Journal Logo

Clinical Case Report

An Atypically Large, Free-Floating Thrombus Extending From the Lung to the Left Atrium via a Pulmonary Vein

A Case Report

Wang, Wei MD; Li, Xuechang MD; Song, Weian MD; Zhang, Yunshan MD; Yue, Caiying MD; Shang, Liqun MD; Li, Jun MD; Wen, Feng MD; Liu, Junqiang MD; Zha, Peng MD

Editor(s): Durantev., Alessandro

Author Information
doi: 10.1097/MD.0000000000001853
  • Open



Incidence of cardiac metastases has increased over the last 30 years. Perhaps owing to increased life expectancy of oncology patients benefitting from advances in cancer diagnosis and management.1 The following case report describes a 61-year-old man with an atypically large, free-floating tumor embolus extending to the left atrium (LA) via the left inferior pulmonary vein. Though there are no standard treatments available for this particular patient, surgery should be chosen as first line of intervention for large embolus formation in the LA.


Case Report

A 61-year-old man presented with a low-density, round-shaped mass with well-defined margins measuring 5.5 cm on his preoperative chest radiograph (Fig. 1A). A computed tomography (CT) scan of the chest revealed a mass measuring 6.0 × 5.0 cm in the lower lobe of the left lung and a linear band of 2.0 cm behind the LA (Fig. 1B). Transthoracic echocardiography (TTE) showed a thin, linear hypoechoic band of 0.9 cm in the left inferior pulmonary vein ostium and also revealed a highly mobile embolus extension 8 to 10 cm in length protruding into the LA (Fig. 1C). Since the extension prolapsed into the left ventricle toward the mitral valve in diastole and into the LA with the retrograde motion of systole, a small amount of blood flowed backward past mitral orifice due to the embolus-leading mitral regurgitation. There was no evidence of enlargement or injury of the LA. This study was approved by the Institutional Review Board of PLA Navy General Hospital. The patient has signed a written informed consent form.

A chest radiograph (A) and computed tomography scan (B) showed a mass of 5.5 cm in the left lower lobe and a linear band of 2.0 cm behind the LA (arrows). Transthoracic echocardiography (C) displayed 8 to 10 cm embolus extension (red arrow), highly mobile, from the LA prolapsing to the left ventricle. LA = left atrium.

A left anterolateral thoracotomy was carried out under general anesthesia. After the lung mass was isolated from the lower lobe of the left lung, the veins, arteries, and bronchial tube to the area of the mass were cut and the mass was removed from the left lower lobe (Fig. 2A). After which, the blood vessels and bronchial tube was sutured and the patient was checked for any bleeding in and around the lungs. Following lobectomy, embolectomy was executed under cardiopulmonary bypass. A free-floating embolus of 16 cm in length was removed from the LA together with the excision of the embolus extending up to the left inferior pulmonary vein around its base. A grape-like cluster of soft tissue was observed in the extension (Fig. 2B). Pathological examination of the lung mass showed spindle-shaped fascicular proliferation with nuclear palisading (Fig. 2C) indicating moderately differentiated squamous cell carcinoma (SCC). Immunohistochemistry was used to confirm SCC. The cells from the lung tumor and the embolus extension showed cytokeratin (CK) AE1/AE3 (+++) and p63 (+++). The patient recovered uneventfully and was discharged on postoperative day 15.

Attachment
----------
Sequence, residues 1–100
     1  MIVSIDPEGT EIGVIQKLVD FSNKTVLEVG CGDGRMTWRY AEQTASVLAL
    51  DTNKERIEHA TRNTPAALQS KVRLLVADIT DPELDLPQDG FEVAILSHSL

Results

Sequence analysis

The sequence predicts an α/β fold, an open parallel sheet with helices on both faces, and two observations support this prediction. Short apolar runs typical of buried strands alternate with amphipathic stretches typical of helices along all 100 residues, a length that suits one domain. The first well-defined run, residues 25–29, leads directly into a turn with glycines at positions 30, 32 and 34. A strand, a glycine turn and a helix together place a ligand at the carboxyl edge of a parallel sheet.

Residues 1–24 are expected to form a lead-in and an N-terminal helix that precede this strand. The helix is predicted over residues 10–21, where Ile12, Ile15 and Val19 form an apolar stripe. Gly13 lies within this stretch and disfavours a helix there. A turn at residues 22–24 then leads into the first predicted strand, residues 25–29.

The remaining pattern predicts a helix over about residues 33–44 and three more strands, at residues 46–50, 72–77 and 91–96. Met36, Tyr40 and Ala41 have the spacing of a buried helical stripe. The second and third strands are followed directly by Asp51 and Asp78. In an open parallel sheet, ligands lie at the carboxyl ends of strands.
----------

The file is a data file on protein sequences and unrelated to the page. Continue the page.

A heterogeneous mass (3.0 × 9.5 × 6.0 cm) of solid and cystic components with areas of hemorrhage and necrosis was seen in a gross architecture of the mass (A). A giant, free-floating embolus (16.0 × 0.9 cm) consists of multiple grape-like clusters of soft tissue pedunculated on a stalk (B). The microscopic finding (H&E stain, ×100) demonstrated as moderately differentiated squamous cell carcinoma (C).


Though tumor emboli extending into LA are not uncommon,2–4 such a large embolus is extremely rare in primary nonsmall cell lung cancer (NSCLC) metastasis. It has been found that the frequency of cardiac metastases varies from 12% to 25% in postmortem patients who have died of malignancies and lung tumors show the most cardiac metastatic potential in the common tumors.5,6 In patients such as the 1 described in this study who are completely asymptomatic, an early diagnosis of the lung tumor with the embolus extending into the LA can be challenging. CT scan and pathological examination of the lung mass would be additional tools used for cardiac imaging during the differential diagnosis of the LA mass taking into consideration that 36% to 49% of cardiac metastasis may occur in NSCLC patients.7,8 In contrast to CT imaging, TTE is more accurate in the diagnostic process of the patient because this technique may display moving images of the heart particularly for the evaluation of a cardiac mass.

As the patient was considered to be at risk of systemic embolism and sudden cardiac dysfunction due to the intracardiac embolus,4,9 left anterolateral thoracotomy was selected in this case. Since the removal of the embolus could associate with severe bleeding in the presence of dense adhesions, cardiopulmonary bypass was applied to ensure hemodynamic stability during surgery. Embolectomy was successfully performed despite the atypical size. This was facilitated by performing an inverted T-shaped atrial incision by which a line of cleavage was identified between the embolus and left atrial wall. Additionally, disconnection of the left inferior pulmonary vein was required when the whole embolus was completely removed in the surgical process. This not only shortened surgical time but also reduced risk of embolic event due to incomplete resection of the embolus extension. The presence of dense adhesions and absence of cleavage plane may make embolus removal difficult and the residual organized material of the embolus can be left under these circumstances. In such cases, autologous pericardial patch may be used to cover these areas to avoid future embolus formation.10 It is necessary to emphasize that a scheduled surgery should be executed as early as possible because any delay in treatment can be fatal and increase difficulty of the operation. Although safe resection of the large embolus depends largely on the degree of cardiac involvement, this patient tolerated the given surgical therapy well and his condition began to improve gradually after the operation.